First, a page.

# Equilateral Triangles on Sides of a QuadrilateralWhat is it? A Mathematical Droodle

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Discussion

The applet may suggest the following statement [Yaglom, p. 39]:

On the sides of an arbitrary quadrilateral ABCD equilateral triangles ABP, BCQ, CDR, DAS are constructed, so that the orientation of the first and the third is different from that of the second and the fourth. Then the quadrilateral PQRS is a parallelogram.

(In [Yaglom] quadrilateral ABCD is unnecessarily required to be convex, whereas both the theorem and the proof remain valid even for self-intersecting quadrilaterals.)

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Rotations will play an important role in the following. So let's introduce a convenience notation. For a point M and an angle α, let (M, α) denote a rotation around M through angle α. The sum of any two rotations is either a rotation or a translation. If, in the latter case, the sum has a fixed point, then it's the identical transformation, i.e. the transformation that leaves all the points unmoved.

Consider the four rotations: TP = (P, 60°), TQ = (Q, -60°), TR = (R, 60°), and TS = (S, -60°). The sum (or composition) of the four rotations is the rotation through angle 0°, i.e. a translation. In addition, successive execution of the four rotations maps A back to itself. Therefore, the sum of the four is the identical transformation.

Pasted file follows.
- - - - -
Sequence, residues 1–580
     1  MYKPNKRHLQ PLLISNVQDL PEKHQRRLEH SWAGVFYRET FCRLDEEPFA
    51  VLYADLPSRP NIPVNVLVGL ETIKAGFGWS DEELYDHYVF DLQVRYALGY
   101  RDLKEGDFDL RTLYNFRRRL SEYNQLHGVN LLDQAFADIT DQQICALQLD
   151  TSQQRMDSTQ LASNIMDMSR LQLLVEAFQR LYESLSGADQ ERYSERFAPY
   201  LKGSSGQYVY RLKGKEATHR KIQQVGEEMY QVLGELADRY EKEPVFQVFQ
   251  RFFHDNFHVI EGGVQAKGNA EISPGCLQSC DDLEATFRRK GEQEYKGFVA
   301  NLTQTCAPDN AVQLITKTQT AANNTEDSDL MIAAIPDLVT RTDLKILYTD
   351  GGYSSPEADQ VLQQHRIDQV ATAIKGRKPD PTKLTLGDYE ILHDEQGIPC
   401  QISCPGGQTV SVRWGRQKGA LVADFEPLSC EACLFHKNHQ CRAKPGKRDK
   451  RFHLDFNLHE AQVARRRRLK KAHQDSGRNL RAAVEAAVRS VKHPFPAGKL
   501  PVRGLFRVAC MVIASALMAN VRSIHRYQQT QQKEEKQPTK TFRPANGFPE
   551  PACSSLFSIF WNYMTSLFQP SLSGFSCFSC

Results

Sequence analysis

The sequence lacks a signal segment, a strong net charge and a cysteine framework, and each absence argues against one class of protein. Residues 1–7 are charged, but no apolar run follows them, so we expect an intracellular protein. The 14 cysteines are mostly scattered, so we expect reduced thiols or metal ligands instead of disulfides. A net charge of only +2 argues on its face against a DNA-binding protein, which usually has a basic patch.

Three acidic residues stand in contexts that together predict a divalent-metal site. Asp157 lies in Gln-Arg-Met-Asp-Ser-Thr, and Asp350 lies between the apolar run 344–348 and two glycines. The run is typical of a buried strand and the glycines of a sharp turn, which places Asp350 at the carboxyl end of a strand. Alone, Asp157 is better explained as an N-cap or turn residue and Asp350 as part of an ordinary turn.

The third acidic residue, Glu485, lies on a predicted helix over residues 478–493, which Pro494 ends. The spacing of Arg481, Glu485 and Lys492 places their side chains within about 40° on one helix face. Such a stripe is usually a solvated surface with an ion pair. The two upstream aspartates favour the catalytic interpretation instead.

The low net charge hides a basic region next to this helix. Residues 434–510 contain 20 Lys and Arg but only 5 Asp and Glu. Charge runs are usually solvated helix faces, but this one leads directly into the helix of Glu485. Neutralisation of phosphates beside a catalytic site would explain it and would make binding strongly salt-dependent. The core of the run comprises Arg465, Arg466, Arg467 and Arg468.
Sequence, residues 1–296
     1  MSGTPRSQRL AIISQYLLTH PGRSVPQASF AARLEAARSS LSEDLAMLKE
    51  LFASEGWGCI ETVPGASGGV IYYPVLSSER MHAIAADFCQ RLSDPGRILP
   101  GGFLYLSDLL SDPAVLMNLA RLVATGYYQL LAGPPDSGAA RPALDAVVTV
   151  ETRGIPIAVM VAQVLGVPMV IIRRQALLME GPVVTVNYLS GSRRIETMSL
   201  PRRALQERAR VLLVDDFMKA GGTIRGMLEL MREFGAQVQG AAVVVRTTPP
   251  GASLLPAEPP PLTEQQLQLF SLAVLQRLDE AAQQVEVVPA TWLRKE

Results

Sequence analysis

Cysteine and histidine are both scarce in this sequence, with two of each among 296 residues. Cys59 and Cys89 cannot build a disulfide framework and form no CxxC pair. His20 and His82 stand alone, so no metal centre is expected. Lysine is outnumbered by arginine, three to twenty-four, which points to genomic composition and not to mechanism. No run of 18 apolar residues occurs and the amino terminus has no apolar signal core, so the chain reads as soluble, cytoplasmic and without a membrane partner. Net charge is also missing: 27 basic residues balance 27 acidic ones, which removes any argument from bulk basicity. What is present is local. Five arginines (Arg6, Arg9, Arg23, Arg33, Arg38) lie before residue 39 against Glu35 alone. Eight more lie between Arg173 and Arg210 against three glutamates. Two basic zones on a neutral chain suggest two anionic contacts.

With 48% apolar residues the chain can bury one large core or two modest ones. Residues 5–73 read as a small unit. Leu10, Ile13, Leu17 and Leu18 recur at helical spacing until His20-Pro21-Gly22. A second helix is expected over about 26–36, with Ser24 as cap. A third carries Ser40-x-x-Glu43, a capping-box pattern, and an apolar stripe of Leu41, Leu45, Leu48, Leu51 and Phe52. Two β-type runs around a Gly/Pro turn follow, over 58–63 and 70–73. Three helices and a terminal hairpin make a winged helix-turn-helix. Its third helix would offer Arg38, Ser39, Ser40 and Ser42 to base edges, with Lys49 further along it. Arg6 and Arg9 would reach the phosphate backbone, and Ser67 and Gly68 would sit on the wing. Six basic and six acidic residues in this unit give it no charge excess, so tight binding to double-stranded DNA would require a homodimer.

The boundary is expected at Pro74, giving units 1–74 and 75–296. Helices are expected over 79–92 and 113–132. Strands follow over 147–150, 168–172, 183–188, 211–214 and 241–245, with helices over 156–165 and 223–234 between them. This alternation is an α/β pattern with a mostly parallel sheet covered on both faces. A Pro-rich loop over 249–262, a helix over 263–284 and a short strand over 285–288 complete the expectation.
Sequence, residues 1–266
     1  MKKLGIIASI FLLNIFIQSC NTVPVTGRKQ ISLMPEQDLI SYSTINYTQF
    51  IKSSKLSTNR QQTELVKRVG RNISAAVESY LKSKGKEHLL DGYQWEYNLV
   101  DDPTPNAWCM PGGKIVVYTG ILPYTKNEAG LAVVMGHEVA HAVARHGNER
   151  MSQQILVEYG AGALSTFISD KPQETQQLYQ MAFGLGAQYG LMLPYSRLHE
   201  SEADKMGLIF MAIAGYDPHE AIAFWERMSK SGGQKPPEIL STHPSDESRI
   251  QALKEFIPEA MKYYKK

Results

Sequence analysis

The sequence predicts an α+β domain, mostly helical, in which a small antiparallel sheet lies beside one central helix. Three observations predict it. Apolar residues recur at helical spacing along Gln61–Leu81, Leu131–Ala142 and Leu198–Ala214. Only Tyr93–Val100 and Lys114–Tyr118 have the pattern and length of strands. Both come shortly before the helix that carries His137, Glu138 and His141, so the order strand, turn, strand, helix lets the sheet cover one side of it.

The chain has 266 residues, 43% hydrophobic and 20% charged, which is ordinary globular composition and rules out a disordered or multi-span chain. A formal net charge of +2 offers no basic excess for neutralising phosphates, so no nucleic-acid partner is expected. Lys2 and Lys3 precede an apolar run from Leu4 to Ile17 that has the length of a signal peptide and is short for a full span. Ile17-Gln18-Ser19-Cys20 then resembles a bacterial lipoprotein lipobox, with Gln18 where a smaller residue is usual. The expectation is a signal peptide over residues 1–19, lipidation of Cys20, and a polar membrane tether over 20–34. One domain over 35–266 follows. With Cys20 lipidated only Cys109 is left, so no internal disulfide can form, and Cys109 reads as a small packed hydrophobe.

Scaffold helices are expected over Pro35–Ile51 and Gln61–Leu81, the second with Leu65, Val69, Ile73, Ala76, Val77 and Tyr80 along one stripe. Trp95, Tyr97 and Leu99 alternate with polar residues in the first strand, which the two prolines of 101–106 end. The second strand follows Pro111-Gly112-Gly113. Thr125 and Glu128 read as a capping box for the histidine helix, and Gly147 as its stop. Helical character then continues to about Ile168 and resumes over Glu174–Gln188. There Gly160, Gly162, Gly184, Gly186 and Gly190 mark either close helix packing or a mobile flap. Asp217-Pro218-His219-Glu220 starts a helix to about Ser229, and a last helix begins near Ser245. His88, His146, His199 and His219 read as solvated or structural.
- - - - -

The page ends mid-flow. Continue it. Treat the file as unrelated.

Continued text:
For the same reason, the sum of the first two is a translation, as is the sum of the remaining two rotations. The two translations add up to the identity, or "zero" translation:

(TP + TQ) + (TR + TS) = 0,

which simply means that they are equal as vectors but point in opposite directions.

How can we visualize the two translations? Under a translation, all points move by the same vector. What happens, for example, to the point P under the sum TP + TQ? Obviously P is the fixed point of TP: TP(P) = P. Let TQ(P) = P'. Under the sum of the two rotations, P maps onto P'. The sum is, therefore, equivalent to a translation by vector PP'. Note that ΔPQP' is equilateral.

Similarly, if R' is the image of R under the sum TR + TS, then ΔRSR' is equilateral. The sides PP' and RR' of the two triangles are equal, parallel, but point in the opposite direction. The same holds for the other pairs of corresponding sides, e.g., PQ and RS. Which is just what is needed: PQ and RS are equal and parallel and point in opposite directions. The quadrilateral PQRS is indeed a parallelogram.

(This theorem has a natural generalization.)

### References

1. I. M. Yaglom, Geometric Transformations I, MAA, 1962

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